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Dunkeswell Abbey Gate - geograph.org.uk - 3003574.jpg
The gatehouse at Dunkeswell Abbey
Dunkeswell is located in Devon
Dunkeswell shown within Devon
Population 1,361 (2011)
OS grid reference ST1407
Civil parish
  • Dunkeswell
Shire county
Country England
Sovereign state United Kingdom
Post town HONITON
Postcode district EX14
Dialling code 01404
Police Devon and Cornwall
Fire Devon and Somerset
Ambulance South Western
EU Parliament South West England
UK Parliament
List of places
50°51′47″N 3°13′16″W / 50.863°N 3.221°W / 50.863; -3.221Coordinates: 50°51′47″N 3°13′16″W / 50.863°N 3.221°W / 50.863; -3.221

Dunkeswell is a village and civil parish in East Devon, England, located about 5 miles (8.0 km) north of the town of Honiton. At the 2001 census, the parish had a population of 1,553,[1] reducing to 1,361 at the 2011 Census.[2] There is an electoral ward with the same name whose population at the above census was 2,000.[3] The parish is surrounded, clockwise from the north, by the parishes of Hemyock, Luppitt, Combe Raleigh, Awliscombe, Broadhembury and Sheldon.[4]


Dunkeswell is notable for having a busy small airfield, now Dunkeswell Aerodrome which was initially established as an American Navy air base during World War II, and continues to offer civil flight services to this day.

The church, restored in 1868 from an older foundation, is of interest for its Norman font.

Dunkeswell Eco Business Park, located near the aerodrome, was constructed to provide environmentally-friendly business space for start-up businesses, businesses who are considered to be at a disadvantage such as those run by younger owners or women, and businesses that have outgrown existing premises.[5]

Dunkeswell was the birthplace of the Canadian clergyman Henry Scadding.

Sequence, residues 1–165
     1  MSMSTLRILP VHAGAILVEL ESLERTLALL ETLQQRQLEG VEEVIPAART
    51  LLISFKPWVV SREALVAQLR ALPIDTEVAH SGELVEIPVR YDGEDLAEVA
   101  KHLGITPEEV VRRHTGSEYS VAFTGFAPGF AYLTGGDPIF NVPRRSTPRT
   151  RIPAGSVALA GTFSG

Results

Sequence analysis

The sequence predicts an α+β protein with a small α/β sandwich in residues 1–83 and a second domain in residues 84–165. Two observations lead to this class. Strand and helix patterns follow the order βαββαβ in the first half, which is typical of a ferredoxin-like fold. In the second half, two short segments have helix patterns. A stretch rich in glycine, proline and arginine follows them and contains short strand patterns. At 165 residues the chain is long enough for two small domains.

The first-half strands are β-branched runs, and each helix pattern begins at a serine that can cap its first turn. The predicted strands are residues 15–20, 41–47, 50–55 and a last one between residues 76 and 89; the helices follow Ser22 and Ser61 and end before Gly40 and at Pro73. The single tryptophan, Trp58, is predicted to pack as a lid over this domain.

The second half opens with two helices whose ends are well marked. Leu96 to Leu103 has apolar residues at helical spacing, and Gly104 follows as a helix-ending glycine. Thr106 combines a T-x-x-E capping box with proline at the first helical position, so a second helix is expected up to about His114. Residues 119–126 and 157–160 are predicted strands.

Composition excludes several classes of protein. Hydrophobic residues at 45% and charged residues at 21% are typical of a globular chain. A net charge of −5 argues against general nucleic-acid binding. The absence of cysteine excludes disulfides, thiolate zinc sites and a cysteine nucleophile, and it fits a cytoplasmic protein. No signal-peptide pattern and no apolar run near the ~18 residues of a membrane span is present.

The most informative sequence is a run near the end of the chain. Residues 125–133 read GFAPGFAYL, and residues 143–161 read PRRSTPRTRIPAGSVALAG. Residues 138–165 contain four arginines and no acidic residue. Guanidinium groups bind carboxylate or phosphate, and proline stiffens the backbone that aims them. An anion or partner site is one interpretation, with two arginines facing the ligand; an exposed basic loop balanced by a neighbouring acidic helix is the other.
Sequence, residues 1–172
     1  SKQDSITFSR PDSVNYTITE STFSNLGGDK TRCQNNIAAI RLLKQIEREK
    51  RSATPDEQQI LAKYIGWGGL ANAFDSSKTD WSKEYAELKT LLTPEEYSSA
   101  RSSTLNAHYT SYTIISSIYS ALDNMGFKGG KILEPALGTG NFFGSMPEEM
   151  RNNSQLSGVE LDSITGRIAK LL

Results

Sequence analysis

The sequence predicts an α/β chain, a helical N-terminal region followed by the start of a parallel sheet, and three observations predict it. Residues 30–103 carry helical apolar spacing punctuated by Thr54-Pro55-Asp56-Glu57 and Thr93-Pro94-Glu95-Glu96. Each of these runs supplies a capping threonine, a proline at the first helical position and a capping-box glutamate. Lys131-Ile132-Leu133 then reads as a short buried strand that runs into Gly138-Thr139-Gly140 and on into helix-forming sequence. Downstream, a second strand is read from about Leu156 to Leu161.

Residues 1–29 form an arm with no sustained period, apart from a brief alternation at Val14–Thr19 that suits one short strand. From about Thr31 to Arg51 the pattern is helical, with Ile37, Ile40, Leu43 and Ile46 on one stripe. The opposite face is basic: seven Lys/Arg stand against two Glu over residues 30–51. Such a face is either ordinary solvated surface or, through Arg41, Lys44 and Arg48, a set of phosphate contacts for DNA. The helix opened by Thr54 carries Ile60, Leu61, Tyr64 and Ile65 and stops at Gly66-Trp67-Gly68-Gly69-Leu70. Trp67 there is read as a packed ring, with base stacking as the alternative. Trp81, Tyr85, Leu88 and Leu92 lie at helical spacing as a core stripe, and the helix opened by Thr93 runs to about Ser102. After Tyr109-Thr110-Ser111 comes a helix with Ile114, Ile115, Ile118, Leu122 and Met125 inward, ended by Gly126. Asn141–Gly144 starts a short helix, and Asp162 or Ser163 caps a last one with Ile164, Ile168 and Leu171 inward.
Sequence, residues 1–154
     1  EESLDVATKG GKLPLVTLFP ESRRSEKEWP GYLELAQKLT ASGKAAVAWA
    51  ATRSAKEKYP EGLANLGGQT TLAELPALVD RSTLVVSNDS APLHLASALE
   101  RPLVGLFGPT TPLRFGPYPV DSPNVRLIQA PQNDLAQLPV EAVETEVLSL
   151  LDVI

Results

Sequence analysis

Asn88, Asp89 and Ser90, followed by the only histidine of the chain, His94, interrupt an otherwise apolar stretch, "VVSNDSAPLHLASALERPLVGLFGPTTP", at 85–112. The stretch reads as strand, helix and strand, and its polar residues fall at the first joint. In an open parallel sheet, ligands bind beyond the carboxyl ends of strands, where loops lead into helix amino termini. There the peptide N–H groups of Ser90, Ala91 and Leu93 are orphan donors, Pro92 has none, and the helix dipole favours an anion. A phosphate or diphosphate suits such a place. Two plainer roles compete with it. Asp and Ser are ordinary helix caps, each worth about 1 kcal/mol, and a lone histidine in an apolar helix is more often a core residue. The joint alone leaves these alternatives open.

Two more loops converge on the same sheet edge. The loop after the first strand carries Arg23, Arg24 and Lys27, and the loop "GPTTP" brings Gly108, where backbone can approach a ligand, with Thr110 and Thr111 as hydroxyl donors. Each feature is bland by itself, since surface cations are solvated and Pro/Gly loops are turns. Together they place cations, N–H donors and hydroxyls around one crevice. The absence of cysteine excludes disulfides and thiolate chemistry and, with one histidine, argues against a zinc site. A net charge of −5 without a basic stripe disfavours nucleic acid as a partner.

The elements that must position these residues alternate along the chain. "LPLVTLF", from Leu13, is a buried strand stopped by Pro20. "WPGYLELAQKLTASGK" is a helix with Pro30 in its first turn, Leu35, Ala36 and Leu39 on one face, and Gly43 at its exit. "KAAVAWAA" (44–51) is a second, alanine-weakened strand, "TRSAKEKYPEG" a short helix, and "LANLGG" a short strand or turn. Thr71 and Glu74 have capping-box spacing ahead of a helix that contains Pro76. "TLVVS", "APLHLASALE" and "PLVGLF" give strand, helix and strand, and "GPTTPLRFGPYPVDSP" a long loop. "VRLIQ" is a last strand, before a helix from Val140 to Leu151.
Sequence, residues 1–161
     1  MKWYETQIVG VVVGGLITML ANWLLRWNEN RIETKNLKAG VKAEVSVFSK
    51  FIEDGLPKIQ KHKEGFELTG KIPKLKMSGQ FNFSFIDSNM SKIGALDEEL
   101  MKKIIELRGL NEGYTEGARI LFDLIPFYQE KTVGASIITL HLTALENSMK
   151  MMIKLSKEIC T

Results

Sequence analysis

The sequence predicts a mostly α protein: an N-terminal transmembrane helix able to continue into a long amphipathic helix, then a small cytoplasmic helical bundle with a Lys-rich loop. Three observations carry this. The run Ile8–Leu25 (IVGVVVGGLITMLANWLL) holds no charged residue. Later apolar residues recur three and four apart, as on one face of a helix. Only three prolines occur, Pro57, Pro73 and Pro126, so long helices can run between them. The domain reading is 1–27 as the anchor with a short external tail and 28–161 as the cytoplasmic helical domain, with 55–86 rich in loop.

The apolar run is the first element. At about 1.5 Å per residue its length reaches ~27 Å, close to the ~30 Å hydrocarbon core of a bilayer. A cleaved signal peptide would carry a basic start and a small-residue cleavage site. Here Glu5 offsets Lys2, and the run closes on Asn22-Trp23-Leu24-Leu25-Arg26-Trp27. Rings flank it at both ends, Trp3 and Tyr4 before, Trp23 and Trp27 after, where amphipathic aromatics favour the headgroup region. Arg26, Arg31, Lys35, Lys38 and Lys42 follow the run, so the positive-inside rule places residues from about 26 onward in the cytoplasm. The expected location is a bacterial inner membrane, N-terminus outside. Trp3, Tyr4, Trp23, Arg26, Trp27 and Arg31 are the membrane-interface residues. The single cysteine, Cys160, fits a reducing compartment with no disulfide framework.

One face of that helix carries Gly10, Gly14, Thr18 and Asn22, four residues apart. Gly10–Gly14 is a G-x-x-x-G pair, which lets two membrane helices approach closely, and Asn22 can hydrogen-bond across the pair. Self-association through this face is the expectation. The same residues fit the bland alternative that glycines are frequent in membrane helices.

Dunkeswell Abbey[edit]

The abbey is 2 miles (3.2 km) north of the village. The abbey was founded in 1201 by William Briwere as a Cistercian monastery and offshoot of Forde Abbey. The founder granted much property within Devon to the abbey. Around two years before his death in 1226, he entered the community and was eventually buried in front of the high altar of the abbey church.

Following the Dissolution of the Monasteries the abbey was closed in 1539 and granted to John Russell, 1st Baron Russell (1485–1555), later 1st Earl of Bedford, and was mostly demolished quickly, though a section remained in domestic use until the 19th century. In 1842, a parish church was built over part of the site. Some surviving fragments of monastery include the partial end wall of the cellarer's range and parts of a gatehouse. Some carved fragments survive within Holy Trinity Church which was built here in 1842 in Early English style.[6]

See also[edit]


  1. ^ "Census 2001: Parish Headcounts: East Devon". Neighbourhood Statistics. Office for National Statistics. Retrieved 8 July 2012.
  2. ^ "Parish population 2011". Retrieved 24 February 2015.
  3. ^ "Ward population 2011". Retrieved 24 February 2015.
  4. ^ "Map of Devon Parishes" (PDF). Devon County Council. Retrieved 7 July 2016.
  5. ^ "Dunkeswell Eco-Business Park - About Us". Archived from the original on 2009-04-06. Retrieved 13 July 2011.
  6. ^ Pevsner, N. (1952) South Devon. Penguin Books; pp. 123-24
  • New, Anthony A Guide to the Abbeys of England and Wales, p. 156-157. Constable.

External links[edit]

Media related to Dunkeswell at Wikimedia Commons